#4. Introduction email to a new team
Subject: A quick hello from [your position]
Hi [specific team],
I hope you’re all doing great!
I’m [your name] and am the new [your new role] at [company name]. I wanted to officially say hello since we’ll work together on future projects.
I’m thrilled to join your department and look forward to meeting you all personally! Please feel free to get in touch if you have any questions about me.
Looking forward to getting to know each one of you!
#3. Introduction email for new employee
Subject: Introducing the new [job title] at [company’s name]
Dear [Client’s name],
I’m writing to inform you of some changes in our company. I’m thrilled to introduce [new employee’s name], our new [their position].
[Employee’s name] previously worked at [former company’s name] and has extensive experience in [specific skills or expertise]. We are excited to have him/her and are confident their contribution will benefit our partnership.
[Employee’s name] is taking over as your new point of contact. I have copied them on this email so you can connect about future projects. And you can reach out to them if you have any questions or concerns.
#2. Introduction email for a product or service
Subject: Introducing [new product or service]
Greetings [recipient’s name],
My name is [your name], and I represent [company’s name]. I am excited to introduce our new release [product/service].
[New product/service] helps businesses [specific details on how it solves their problems]. So, if you’re looking for ways to [solve a pain point], don’t hesitate to reach out.
I’m happy to share more details and address any questions and concerns about [new product/service]. Please notify me if you want to learn more about it.
[Your name and email signature]
#1. New manager introduction email to a team
Subject: Here’s your new marketing manager
Hello Marketing team,
My name is [your name], and I am pleased to introduce myself as the new marketing manager at [company’s name].
I have been briefed about your exemplary performance in the previous financial year. Your commitment and efforts have significantly contributed to the company’s success. So, congratulations on a job well done!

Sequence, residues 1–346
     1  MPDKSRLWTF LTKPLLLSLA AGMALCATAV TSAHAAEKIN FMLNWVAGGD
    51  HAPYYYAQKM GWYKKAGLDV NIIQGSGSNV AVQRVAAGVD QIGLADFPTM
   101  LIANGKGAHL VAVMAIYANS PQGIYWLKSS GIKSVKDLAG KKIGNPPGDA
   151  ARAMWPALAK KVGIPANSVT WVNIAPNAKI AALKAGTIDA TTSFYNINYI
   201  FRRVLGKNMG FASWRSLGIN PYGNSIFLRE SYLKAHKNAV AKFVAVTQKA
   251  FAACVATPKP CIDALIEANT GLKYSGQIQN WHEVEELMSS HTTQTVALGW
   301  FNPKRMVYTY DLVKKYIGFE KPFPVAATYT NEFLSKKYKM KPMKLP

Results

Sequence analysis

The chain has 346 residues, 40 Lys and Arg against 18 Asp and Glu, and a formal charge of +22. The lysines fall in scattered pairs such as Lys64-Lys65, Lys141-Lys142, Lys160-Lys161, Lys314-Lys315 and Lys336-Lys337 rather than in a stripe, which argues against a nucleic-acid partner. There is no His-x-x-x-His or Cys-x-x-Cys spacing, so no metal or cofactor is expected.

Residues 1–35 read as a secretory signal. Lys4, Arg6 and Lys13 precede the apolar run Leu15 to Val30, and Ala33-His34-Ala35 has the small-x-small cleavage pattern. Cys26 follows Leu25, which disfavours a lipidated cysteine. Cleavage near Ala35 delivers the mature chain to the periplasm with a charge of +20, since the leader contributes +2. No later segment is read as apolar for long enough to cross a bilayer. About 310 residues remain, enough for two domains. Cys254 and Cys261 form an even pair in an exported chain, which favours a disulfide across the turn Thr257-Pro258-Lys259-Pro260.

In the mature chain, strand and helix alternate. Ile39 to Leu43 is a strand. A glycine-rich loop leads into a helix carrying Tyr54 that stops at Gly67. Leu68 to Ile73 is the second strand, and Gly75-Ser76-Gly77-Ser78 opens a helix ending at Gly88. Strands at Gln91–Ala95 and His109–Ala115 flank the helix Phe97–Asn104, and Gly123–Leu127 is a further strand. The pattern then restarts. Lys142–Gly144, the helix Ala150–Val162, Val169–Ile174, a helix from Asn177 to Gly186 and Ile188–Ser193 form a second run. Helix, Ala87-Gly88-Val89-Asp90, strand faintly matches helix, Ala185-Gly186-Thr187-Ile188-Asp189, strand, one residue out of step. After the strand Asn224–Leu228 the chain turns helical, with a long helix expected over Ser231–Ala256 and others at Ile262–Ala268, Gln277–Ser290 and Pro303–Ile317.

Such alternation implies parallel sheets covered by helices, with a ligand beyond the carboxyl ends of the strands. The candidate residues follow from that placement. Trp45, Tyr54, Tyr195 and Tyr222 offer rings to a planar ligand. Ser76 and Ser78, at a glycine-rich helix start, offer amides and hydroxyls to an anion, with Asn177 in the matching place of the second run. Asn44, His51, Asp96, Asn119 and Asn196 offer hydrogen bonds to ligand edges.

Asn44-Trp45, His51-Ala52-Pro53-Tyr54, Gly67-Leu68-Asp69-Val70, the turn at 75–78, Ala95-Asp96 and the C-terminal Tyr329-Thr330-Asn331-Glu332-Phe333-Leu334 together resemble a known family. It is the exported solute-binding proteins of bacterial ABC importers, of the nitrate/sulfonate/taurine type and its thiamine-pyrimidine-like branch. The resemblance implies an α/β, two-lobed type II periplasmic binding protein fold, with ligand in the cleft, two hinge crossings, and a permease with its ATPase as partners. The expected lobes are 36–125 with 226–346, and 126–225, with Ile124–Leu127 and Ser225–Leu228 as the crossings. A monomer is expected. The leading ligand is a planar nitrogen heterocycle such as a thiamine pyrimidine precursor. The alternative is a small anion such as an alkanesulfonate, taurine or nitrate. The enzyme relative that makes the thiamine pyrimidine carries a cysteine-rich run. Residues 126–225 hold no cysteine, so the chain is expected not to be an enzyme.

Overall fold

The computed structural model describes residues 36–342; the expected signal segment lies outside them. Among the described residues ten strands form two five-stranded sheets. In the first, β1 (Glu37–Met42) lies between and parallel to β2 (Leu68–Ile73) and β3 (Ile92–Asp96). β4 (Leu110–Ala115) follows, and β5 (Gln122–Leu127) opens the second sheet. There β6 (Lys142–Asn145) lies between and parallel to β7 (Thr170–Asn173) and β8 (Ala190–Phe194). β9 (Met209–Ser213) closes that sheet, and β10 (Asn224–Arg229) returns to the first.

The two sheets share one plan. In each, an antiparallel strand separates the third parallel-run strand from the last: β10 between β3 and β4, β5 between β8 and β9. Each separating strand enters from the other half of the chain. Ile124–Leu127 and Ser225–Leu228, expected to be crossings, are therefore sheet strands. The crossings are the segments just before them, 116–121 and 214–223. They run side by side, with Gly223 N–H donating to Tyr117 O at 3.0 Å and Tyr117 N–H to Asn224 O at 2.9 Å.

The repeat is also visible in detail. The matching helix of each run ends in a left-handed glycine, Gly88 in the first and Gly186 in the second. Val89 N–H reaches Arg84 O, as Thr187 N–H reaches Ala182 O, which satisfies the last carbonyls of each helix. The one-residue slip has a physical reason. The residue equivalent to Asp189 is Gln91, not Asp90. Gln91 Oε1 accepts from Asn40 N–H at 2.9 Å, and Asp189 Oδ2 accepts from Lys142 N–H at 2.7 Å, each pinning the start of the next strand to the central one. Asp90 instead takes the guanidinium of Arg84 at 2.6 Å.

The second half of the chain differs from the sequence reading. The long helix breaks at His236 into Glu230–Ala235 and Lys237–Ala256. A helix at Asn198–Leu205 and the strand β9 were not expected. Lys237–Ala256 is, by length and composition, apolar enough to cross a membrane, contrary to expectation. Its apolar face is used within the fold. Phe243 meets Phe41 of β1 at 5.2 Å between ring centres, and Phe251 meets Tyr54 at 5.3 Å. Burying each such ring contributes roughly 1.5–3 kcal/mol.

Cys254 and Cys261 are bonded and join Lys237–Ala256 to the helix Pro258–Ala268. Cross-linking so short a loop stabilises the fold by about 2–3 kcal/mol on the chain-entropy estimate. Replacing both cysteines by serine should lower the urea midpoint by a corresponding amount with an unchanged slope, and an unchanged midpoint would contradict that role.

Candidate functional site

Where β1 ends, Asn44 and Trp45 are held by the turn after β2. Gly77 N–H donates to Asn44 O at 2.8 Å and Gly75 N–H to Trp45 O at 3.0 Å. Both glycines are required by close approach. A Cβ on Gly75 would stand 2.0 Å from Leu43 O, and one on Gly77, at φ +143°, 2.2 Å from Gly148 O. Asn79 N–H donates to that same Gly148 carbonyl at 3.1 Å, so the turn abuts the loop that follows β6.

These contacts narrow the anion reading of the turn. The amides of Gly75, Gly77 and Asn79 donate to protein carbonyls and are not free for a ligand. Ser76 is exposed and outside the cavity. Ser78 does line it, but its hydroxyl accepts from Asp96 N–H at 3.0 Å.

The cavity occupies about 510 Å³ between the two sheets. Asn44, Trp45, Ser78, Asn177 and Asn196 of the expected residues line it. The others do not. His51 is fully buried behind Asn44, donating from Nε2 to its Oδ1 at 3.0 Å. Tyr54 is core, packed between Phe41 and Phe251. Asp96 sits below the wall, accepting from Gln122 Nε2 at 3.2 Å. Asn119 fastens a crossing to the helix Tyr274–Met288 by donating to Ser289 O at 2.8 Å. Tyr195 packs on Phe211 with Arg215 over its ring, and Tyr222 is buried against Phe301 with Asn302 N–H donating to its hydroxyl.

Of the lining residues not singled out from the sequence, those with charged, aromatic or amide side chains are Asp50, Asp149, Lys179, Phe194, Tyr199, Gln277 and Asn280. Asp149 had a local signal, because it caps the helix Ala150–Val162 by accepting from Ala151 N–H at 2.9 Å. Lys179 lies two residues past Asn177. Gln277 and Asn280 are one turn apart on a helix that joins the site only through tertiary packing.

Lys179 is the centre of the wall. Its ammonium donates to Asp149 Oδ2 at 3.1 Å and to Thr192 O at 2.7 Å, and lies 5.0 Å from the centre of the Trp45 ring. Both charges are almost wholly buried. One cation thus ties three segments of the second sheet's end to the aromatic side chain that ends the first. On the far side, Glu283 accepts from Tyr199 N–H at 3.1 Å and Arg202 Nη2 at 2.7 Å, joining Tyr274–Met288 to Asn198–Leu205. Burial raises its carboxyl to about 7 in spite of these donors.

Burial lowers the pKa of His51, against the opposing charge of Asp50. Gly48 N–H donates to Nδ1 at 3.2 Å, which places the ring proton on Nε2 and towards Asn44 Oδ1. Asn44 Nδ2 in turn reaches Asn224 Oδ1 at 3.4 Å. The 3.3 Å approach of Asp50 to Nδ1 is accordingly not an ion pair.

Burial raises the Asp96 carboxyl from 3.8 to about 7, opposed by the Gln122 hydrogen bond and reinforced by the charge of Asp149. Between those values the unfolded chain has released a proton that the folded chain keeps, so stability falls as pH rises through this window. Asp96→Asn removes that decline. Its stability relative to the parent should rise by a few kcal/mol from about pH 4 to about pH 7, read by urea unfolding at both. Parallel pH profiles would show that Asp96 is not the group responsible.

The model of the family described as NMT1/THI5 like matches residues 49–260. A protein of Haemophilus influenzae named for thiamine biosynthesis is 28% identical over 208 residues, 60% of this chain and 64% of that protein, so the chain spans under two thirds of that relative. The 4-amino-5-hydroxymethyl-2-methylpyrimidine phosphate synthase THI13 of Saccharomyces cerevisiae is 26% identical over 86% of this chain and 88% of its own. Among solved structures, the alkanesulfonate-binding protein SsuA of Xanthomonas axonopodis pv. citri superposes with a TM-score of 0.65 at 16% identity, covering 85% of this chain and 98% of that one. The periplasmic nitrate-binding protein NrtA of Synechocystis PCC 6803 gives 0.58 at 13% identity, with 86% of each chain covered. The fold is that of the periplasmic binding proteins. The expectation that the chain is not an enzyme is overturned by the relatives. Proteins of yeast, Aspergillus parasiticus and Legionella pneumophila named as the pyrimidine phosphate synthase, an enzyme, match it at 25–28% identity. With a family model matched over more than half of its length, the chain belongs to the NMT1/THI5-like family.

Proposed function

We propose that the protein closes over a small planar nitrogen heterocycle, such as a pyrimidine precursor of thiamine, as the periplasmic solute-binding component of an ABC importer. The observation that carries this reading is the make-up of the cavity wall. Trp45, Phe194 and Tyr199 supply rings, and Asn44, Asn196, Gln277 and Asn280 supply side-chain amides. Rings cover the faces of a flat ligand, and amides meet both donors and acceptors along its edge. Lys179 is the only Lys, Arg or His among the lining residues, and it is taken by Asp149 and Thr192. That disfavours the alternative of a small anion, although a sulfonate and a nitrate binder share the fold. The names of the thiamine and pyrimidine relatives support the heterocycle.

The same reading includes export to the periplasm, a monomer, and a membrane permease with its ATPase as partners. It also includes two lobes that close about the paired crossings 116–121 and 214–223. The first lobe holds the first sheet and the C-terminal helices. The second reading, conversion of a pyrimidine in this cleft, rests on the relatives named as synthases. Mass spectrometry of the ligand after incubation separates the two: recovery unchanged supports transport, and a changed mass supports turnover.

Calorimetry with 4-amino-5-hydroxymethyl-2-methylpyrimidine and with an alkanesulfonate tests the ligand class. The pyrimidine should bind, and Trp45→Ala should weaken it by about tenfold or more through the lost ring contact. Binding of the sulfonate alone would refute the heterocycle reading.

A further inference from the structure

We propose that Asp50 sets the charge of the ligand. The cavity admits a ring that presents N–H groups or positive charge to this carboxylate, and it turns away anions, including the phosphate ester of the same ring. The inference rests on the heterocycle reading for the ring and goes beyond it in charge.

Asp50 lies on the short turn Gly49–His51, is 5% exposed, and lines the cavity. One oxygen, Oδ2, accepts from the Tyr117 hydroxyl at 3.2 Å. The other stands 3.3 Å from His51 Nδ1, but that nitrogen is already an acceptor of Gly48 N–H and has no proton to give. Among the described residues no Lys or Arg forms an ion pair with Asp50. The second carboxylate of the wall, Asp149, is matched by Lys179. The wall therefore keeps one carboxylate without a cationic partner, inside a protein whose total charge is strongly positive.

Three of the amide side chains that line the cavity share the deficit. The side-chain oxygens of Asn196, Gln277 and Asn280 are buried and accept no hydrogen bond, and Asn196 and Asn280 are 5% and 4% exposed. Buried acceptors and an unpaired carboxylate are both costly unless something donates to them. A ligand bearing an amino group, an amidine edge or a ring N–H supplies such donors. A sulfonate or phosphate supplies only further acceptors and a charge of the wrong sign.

I’m thrilled to start working with such an energetic team. And I believe we’ll have a great time achieving new milestones.
I’ll be reaching out to everyone to know each of you. If you have any questions, please don’t hesitate to let me know right away.
Looking forward to working with you all!
What is the best sentence to introduce yourself?
The best way to introduce yourself in a sentence is by mentioning your name and position or title to which the recipient can relate. For example, you can say, “Hi, I’m Matthew, the new sales assistant at [company’s name].”
How do you humbly introduce yourself?
Use a polite tone and respectful words like “I’d like to introduce yourself; I’m [your name].” Or, “Pleasure to meet you. My name is [your name].” And avoid phrases that show that you’re only thinking about yourself.
How can I introduce myself more confidently?
Use phrases that show your expertise if you’re contacting a prospective client. For example, “Hello, I’m Natasha, Sales Lead at [company’s name].” You’ll also show confidence by using a professional tone and being clear and direct.
How do you introduce yourself formally and informally?
Use formal greetings (including salutations), such as “Dear Mr. Jones,” when introducing yourself formally.
On the other hand, maintain a friendly and relaxed tone in your subject line and email content when making an informal introduction. For example, say, “Hey there.”
How long should an introductory email be?
There’s no hard or fast rule on how many words your introduction email must be. But you can say everything your recipient needs to know in less than 150 words. Also, keep your sentences and paragraphs short and straightforward.
Send compelling introductory emails with customizable templates!
You don’t have to write introduction emails that get no responses longer. Follow our detailed guide to create enticing self-introduction emails.
If you’re struggling with crafting high-converting cold emails, check out our Cold Email Generator/template and the email subject line generator. These super easy-to-use tools will generate cold emails and subject lines that get responses. You only have to write about your product/service and the recipient, choose your tone, and you’ll get several copies to choose from and edit to your liking.